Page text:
Nearly ten years after I learned to smile again, my new mom surprised her for the second time; all because of the cold.
The face of Aswan Hancoka is partially paralyzed as a result of Guillain-Barre syndrome (GBS).
GBS is believed to appear when something is wrong with the body's immune system after the infection.
Porthcawl, a 20-year-old, hopes for an understanding of the situation that affects only 50 people in Wales every year.
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"On both occasions I only had a normal plain, the cold of the base and the cold left, and apparently when it goes, you don't expect anything else," she said.
"But after the cold disappeared, my legs were needles and needles.
"I tried to lift my legs, I tried to leave it, tried everything I thought. All day spikes and needles worsened and worsened."
In April 2018, she woke up early, unable to move her legs. Fearing that GBS was surprised again, her parents took her to the hospital.
"I remember a person who checked me, saying that the disease was rare, it is even rarer if it gets twice," said Aisha.
Tests were made and paralysis spreads the body of Aichi until she could breathe independently.
"They lie to me," she said. "I'm not sure how long it was. I think it was a month."
About a quarter of people receiving GBS come into intensive care.
"We've known about this disease for at least 100 years, but we don't really understand what causes it," said Dr. Richard Self, a leading intensive care consultant at Wales Princess Hospital in Bridgend.
What is Guillain-Barre Syndrome?
- It is a very rare and serious condition that affects the nerves.
- It mainly affects the feet, hands and limbs, causing problems such as numbness, weakness and pain.
- Symptoms include numbness and needles and needles that start from the legs and arms before spreading on the arms and legs. You may also have muscle weakness, pain and problems with balance and coordination. In severe cases, you may have difficulty moving, walking, breathing and swallowing.
- About one in 20 cases is fatal.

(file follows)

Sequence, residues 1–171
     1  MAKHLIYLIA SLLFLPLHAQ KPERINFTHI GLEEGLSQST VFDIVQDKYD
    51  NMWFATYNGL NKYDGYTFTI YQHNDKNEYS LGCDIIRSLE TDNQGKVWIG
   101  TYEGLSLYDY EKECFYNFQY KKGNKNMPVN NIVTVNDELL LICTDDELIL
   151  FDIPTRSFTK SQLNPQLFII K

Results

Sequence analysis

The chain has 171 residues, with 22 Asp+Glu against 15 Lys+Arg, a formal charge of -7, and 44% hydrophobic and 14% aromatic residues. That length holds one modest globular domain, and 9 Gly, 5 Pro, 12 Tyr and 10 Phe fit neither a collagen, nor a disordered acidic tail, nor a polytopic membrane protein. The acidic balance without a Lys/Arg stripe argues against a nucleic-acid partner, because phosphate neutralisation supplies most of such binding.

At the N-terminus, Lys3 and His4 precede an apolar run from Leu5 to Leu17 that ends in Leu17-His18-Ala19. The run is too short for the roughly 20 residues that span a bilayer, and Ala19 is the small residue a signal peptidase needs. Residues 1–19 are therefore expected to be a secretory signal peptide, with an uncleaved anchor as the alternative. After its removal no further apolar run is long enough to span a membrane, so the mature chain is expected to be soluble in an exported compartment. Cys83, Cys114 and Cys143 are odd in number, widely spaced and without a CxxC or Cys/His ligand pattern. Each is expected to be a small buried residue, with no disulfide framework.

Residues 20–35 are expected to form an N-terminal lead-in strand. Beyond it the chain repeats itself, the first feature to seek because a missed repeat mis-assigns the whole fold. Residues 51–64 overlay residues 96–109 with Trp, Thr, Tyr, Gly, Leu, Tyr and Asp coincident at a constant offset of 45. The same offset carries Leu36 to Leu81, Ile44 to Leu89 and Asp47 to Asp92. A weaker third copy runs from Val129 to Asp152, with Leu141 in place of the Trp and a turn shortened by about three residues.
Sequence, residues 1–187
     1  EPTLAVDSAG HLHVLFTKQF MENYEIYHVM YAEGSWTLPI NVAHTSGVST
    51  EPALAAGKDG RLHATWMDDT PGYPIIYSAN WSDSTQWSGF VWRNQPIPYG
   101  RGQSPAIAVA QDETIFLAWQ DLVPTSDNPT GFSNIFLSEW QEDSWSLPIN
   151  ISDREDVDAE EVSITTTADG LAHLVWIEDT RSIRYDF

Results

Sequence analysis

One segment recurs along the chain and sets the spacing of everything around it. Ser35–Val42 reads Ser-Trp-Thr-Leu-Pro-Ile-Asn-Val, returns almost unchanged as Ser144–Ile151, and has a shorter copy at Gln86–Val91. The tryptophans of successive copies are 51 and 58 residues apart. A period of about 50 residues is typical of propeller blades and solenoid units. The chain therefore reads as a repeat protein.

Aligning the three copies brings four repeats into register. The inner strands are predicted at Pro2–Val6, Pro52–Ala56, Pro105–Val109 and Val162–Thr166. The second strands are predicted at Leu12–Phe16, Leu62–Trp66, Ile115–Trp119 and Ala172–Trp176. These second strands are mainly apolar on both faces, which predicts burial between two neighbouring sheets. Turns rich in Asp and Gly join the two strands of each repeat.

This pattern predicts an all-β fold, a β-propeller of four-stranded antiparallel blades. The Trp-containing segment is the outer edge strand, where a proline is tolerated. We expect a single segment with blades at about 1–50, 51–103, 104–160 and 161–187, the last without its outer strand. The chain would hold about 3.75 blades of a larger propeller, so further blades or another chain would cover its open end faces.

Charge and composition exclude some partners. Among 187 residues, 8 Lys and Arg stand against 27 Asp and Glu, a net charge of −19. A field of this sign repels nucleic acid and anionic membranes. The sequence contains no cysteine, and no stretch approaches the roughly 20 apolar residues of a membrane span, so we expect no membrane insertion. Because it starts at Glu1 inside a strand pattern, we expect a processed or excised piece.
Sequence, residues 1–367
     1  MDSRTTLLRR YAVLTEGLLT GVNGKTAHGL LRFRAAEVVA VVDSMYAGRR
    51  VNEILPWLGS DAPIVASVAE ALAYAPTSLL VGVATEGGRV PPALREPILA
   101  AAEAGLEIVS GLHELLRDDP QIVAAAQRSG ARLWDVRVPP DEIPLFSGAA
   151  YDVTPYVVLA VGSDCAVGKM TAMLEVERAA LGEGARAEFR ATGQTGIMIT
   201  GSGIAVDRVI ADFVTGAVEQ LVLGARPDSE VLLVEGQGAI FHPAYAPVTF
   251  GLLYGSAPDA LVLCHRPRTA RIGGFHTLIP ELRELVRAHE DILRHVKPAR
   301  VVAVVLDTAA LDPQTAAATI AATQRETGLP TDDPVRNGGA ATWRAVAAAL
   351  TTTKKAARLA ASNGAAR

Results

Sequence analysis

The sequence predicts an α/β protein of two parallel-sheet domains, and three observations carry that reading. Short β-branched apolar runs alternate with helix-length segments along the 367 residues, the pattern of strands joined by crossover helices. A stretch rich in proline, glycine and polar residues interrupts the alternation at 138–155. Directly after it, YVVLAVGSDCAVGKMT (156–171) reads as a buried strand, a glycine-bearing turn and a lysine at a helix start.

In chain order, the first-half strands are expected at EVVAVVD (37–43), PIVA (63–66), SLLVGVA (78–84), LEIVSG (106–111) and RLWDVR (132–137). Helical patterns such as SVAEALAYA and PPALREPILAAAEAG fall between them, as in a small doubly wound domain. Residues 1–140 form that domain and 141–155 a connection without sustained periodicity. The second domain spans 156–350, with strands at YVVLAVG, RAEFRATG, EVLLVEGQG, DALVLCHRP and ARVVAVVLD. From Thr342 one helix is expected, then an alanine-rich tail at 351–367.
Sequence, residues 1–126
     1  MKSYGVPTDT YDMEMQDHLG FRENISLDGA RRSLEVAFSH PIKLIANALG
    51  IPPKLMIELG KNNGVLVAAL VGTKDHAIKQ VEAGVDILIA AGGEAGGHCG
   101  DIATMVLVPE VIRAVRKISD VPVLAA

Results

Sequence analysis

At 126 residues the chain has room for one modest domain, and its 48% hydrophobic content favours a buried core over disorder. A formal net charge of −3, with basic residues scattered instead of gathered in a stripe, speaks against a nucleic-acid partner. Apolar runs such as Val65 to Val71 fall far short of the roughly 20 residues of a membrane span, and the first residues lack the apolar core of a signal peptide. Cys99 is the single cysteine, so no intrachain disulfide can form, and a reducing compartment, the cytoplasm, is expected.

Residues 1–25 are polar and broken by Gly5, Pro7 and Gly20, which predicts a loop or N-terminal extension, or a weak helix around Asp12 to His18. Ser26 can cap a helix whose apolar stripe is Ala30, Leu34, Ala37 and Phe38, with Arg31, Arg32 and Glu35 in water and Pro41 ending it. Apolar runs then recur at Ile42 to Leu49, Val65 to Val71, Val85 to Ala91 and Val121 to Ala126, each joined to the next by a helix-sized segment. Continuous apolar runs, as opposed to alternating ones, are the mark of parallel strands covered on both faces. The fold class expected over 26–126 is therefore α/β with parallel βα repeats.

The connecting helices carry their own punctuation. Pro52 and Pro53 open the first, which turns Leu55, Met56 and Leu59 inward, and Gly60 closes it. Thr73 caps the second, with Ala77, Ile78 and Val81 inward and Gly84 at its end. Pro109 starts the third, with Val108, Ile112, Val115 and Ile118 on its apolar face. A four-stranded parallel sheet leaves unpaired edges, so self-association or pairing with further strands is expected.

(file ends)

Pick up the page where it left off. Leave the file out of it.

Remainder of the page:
- It can be caused by infection, in very rare cases – vaccination, surgery, medical procedure or injury
- Some people do not have complete recovery, and they have long-term problems, such as inability to walk without help, hand, foot or face weakness, numbness, pain or tingling or burning sensation, balance and coordination. problems and extreme fatigue.
Source: NHS UK
"Most people have previously experienced a viral infection or maybe some gastroenteritis, some diarrhea, and then it thought it could cause immune disorders when the body attacks the nerves.
"Most people will get better, unfortunately, about a quarter of the people suffering from this disease do not get a better position and can lead to long-term weakness, and all the experience associated with this disease also has long-term psychological consequences."
When she woke up, Achish couldn't speak, but when she worked with a speech and language therapist she learned to communicate by picking pictures of things she wanted to use with her eyes.
After all, she managed to return home with her partner Luke and her daughter Auror, then for nine months.
However, she is still very weak and still suffers from irregular spikes and needles and pain in her legs, feet and hands. She still has a smile.
"My body is much weaker"
"It affects me in various ways," she said. "My whole body is much weaker. I will fight to raise the main things in most days.
"Usually I could walk with a good distance. But now I can walk to the end of the street and for a few days I'll be absolutely conscious."
Now she has set a goal to create a support group for people who have suffered from general budget support and run a marathon one day.
"There's a lot of thoughts going on your head, and as long as it is, you don't understand it," she said.
"If you knew someone with it or someone with the same experience as you, I think these thoughts would be much smaller."